‘We all think that we know what a didjeridu sounds like,’ says international reviewer Graham Rickson, from The Arts Desk. ‘Mere words can’t begin to describe the noise made by William Barton in full flow. It’s a sonorous, low roar that sets your stomach wobbling, made more startling by the array of harmonics and overtones which buzz around over the top. There’s also Barton’s sheer technique, circular breathing allowing him to sustain notes for improbable lengths.’
In the Best Jazz Album category, Sarah McKenzie won with Close Your Eyes. Recorded by nominated-producer-of-the-year Chong Lim, the album marks a crucial milestone in the rapidly developing career of the Melbourne-based artist, whom critics around the country have identified as a once-in-a-generation talent.
Sarah reflects: ‘My style and sound are constantly evolving and I try to incorporate new influences all the time. I am always discovering new material and working out something I can do with it to make it different. That to me is what I really want to do because, as an artist, I don’t want to be known simply as, “that jazz and blues girl”. I want to be known as “Sarah McKenzie, that girl who does something fresh with every song she delves into”.’ One to watch!
The Best World Music Album was taken out by nine-time ARIA nominee Joseph Tawadros with his stunning album release Concerto of the Greater Sea. The album showcases not only Joseph’s incredible instrumental skill, but also his talents as a composer. As well as seven tracks for oud and orchestra, performed by Tawadros and the Australian Chamber Orchestra, Tawadros performs his original six-movement suite ‘The Greater Sea’ in a quartet with Australian jazz piano legend Matt McMahon, ACO Principal Viola Christopher Moore, and percussion prodigy James Tawadros, Joseph’s brother and closest collaborator. Orchestra and quartet together complete a single, delicate emotional journey, with the oud at the heart of the album, weaving the two musical worlds into one.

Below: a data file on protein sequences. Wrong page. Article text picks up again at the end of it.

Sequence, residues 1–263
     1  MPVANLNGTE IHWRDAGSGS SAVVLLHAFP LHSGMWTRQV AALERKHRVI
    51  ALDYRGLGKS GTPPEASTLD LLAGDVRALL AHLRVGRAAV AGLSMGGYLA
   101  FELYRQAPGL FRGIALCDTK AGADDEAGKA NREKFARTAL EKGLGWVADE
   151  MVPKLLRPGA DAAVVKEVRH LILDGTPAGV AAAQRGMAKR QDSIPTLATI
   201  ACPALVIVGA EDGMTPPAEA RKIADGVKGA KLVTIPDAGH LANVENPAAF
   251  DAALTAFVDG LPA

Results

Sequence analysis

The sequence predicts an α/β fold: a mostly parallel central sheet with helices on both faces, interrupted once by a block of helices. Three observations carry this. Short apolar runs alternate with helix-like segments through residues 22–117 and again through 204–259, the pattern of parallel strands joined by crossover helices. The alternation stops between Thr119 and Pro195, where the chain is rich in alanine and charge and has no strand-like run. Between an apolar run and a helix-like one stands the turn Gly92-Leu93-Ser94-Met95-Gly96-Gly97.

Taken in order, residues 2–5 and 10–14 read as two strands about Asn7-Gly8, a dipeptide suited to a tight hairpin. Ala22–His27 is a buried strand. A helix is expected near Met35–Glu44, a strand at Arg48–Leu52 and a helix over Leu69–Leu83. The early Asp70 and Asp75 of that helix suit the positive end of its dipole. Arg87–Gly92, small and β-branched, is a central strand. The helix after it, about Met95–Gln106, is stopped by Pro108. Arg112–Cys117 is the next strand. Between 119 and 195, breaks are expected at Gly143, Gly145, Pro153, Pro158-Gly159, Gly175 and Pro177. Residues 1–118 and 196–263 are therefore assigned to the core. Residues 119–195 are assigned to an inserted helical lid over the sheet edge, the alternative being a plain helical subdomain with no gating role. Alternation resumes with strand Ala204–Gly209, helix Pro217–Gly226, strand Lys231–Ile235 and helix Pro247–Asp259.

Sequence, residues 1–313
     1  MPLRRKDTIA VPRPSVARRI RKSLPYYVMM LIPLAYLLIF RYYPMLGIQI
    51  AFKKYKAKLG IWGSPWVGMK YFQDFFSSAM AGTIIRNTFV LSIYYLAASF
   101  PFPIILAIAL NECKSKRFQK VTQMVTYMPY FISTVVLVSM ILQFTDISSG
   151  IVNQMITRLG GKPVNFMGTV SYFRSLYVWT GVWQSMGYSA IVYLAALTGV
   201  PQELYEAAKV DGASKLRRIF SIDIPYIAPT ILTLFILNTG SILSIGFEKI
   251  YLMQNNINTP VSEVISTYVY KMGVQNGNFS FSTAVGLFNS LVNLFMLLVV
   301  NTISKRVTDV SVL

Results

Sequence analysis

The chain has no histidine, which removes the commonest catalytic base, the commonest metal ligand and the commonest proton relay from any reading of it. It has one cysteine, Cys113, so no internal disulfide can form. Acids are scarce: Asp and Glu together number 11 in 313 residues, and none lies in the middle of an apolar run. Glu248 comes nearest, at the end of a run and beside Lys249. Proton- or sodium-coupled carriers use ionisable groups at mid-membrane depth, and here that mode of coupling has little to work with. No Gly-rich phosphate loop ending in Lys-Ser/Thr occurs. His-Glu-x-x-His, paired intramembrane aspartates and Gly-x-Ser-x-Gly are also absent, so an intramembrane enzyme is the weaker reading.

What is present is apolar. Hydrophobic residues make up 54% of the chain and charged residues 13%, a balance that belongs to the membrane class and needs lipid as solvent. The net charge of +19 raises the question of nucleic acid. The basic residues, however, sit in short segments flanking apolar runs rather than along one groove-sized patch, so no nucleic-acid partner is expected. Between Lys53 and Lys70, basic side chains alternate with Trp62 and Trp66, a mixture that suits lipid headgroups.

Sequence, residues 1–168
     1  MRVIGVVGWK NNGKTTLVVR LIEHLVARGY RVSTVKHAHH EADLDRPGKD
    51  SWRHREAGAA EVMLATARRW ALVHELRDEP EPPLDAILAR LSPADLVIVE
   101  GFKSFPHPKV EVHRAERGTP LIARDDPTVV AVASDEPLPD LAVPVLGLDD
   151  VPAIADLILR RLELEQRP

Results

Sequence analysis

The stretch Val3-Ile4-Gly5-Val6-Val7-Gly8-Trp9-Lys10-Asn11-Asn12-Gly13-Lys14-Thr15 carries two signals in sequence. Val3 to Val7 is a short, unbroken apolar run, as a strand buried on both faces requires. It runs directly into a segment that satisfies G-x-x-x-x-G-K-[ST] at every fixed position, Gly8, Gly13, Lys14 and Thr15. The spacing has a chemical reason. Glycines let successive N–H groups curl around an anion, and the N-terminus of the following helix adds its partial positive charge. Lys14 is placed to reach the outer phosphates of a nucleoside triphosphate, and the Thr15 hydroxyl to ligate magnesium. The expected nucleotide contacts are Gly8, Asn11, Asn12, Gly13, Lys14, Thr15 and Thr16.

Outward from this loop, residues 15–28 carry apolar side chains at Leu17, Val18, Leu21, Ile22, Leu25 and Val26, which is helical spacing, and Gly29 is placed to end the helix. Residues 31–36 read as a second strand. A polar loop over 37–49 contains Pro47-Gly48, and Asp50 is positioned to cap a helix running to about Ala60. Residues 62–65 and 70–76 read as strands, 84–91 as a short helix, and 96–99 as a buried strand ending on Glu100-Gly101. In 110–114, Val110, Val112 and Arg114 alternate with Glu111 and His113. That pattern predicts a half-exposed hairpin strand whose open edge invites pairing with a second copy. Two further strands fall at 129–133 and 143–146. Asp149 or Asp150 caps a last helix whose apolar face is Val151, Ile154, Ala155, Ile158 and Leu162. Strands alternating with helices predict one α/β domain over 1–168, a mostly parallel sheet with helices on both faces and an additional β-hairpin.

Joseph speaks of the concept behind this album: ‘I have always been fond of the sea, its movement, its silence, its energy and its freedom, and the new compositions are about being immersed in this. The ocean represents a return to oneself, a rediscovery, an emotional reinvention, musically, spiritually and beyond.’
The Best Original Soundtrack/Cast/Show Album was awarded to Straight To You – triple j’s Tribute To Nick Cave.
‘Cave has been the most continually played artist on triple j. That in itself is astounding, given how many new artists, musical movements and industry changes have arisen across the past four decades,’ says triple j’s Richard Kingsmill. ‘With no shortage of artists keen to volunteer their time, the line-up of vocalists and musicians that helped us celebrate the work of Nick Cave was intentionally diverse – to show the man’s influence across the genres. Each of them was passionate in doing justice to the legacy of these songs.’